Friends, it only seems appropriate on the occasion of this celebration of 10 years of ministry that we take a bit of a trip down memory lane, because this truly is a significant milestone that we, as a Vatican II parish, headed by a woman priest, a real “no-no” in the Catholic church and in the backyard of the bishop, would have begun and persisted and grown over these 10 years. Reminds me of the words said of Congresswoman Elizabeth Warren by Mitch McConnell, “She was warned, given an explanation and yet persisted!”
But you see, it was never totally about me, but about all of us who listened to the Spirit and heard in our hearts the call to be all that we could be as a parish. Many of us who first gathered at the Holzinger Lodge in Winona, one fall evening in 2007, after my diaconal ordination, to discuss the possibility of becoming a parish, were looking for more than we were finding in our present parishes—we wanted everyone to be welcome at the table, regardless of life-style choices or relationship changes; we wanted the calls of women as well as men to be accepted; we wanted to praise a God who is bigger and more inclusive than what we were being told in our churches. Very simply, we were dreaming of a parish that would be fruitful to the changes of Vatican II.
For me and for Robert, the process started more than 25 years ago as it became more and more difficult for us to attend Masses that were designed to appeal more to men—God came in one form—male, the language was male in form for God and for people and there was no one at the altar who looked like me.
Even though, as a chaplain at the hospital, nursing home and in hospice care, I did many of the ministries that were priest-like, bringing both the Eucharist (big E) and little “e” and if you are wondering, the little “e” is the love of God that we all bring made up of all the small kindnesses, the love of each day. In listening to people’s stories that were often confession-like in nature; I unofficially gave God’s forgiveness and mercy. I was there for the joy of live births and for the sadness of babies whose lives were cut short, I was there during the stressful times of physical illness and depression and at the deaths of loved ones after full and good lives spent. Priestly ministry? I would say “yes,” but my Church said, “No.”
My Church was willing to baptize and confirm me, but not ordain me—they said God did not want it because women couldn’t image Christ. Somehow, as Sr. Joan Chittister says, and I’ll paraphrase, God who is all powerful, all knowing and all wonderful—really, is totally inept when it comes to women! But, I’m getting ahead of my story.
We, Robert and I, looked for a time, for what we couldn’t find in the Catholic church, in other denominational churches, often finding them lacking as well—we often found God in those years in the “Cathedral of the Great Outdoors.”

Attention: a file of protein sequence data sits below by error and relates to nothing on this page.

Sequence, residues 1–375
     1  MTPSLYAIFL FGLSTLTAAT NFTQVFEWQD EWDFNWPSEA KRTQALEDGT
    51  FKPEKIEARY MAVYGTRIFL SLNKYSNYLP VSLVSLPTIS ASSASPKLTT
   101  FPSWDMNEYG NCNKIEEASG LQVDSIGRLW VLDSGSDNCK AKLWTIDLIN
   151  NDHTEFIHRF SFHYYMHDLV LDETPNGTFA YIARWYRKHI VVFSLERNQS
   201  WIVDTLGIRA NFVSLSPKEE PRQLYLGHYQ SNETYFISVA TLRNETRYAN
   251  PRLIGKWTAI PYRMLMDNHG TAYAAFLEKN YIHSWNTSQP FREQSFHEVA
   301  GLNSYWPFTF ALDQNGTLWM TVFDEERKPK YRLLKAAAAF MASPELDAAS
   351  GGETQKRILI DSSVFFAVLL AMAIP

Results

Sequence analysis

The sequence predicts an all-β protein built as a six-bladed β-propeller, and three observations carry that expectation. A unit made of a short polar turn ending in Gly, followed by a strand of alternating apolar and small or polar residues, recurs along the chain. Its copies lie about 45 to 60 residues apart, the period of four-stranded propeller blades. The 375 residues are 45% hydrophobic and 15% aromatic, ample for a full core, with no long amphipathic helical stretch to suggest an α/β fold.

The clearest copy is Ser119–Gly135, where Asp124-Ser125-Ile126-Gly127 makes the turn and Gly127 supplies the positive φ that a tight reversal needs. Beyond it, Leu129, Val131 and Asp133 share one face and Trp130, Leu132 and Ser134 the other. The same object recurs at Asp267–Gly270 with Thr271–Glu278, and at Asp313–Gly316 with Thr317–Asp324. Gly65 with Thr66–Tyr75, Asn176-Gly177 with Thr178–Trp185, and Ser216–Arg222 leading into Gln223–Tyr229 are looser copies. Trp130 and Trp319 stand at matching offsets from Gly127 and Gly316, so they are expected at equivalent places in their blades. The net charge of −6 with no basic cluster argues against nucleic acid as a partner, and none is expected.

By this time, our children, Isaac and Eryn were off to college, so our questioning wasn’t, as we say, “in their faces” all the time. This is something I often worried about—if our questioning drove them from the Church we had raised them in. But, upon checking with them; they were both able to say that they had many of the same questions, so understood. And, they are both here today, along with their families!
So, when it came down to it, in the end, Robert and I realized that we were really “Catholic” at heart and even though some other churches were more welcoming, the Catholic church was the only Church we really wanted to call our own.
So one day, the now quite well-known story, to some of you, of the Spirit interjecting herself into a conversation that Robert and I were having, happened. To my statement, “The only way we will ever find a church that is meaningful to us would be if we created one, ourselves, he responded in a way that was very unusual, for him. It is important for you to know that he is usually the one to get me to think twice about something this important, but he simply responded, “Yes, I think you are right!” All I could say was, “Really?!”
From then on, my path was clear. We came to see that my original statement about forming a church that we would find meaningful was the work of the Spirit and she has been present ever since.
Our daughter Eryn remembers the first meeting in the fall of 2007 at Holzinger Lodge—we were to meet at 7P.M. and as she waited on the porch for the people to arrive, hoping that of the 24 invitations sent out, someone would come, at five minutes to 7, a noticeable wind blew through (think Spirit) and a line of cars followed!
We had about a dozen people that night dreaming a grander church and some are still with us. Of all the ways we tried to advertise, the best was always, word of mouth. We had more meetings and more, different people came. On May 4, 2008, at Winona State University in Kryzsko Commons, I was ordained as Winona Diocese’s first Catholic woman priest!—a marvelous thing really, when you think about it, and again, not for me, but for our community! Because the Universal Catholic church will not say, “Yes” to the Spirit, the people are moving ahead and saying, “Yes,” this is what we want—please join us when you can!”
I always look to any situation of import and if there is peace and general good around it, (the gifts of the Spirit), I know she is present. At my ordination, none of my brother priests from around the diocese, who was invited, attended for fear of repercussions, but my Protestant sisters and brothers in ministry came to give affirmation that my call was truly a call to ministry for the People of God.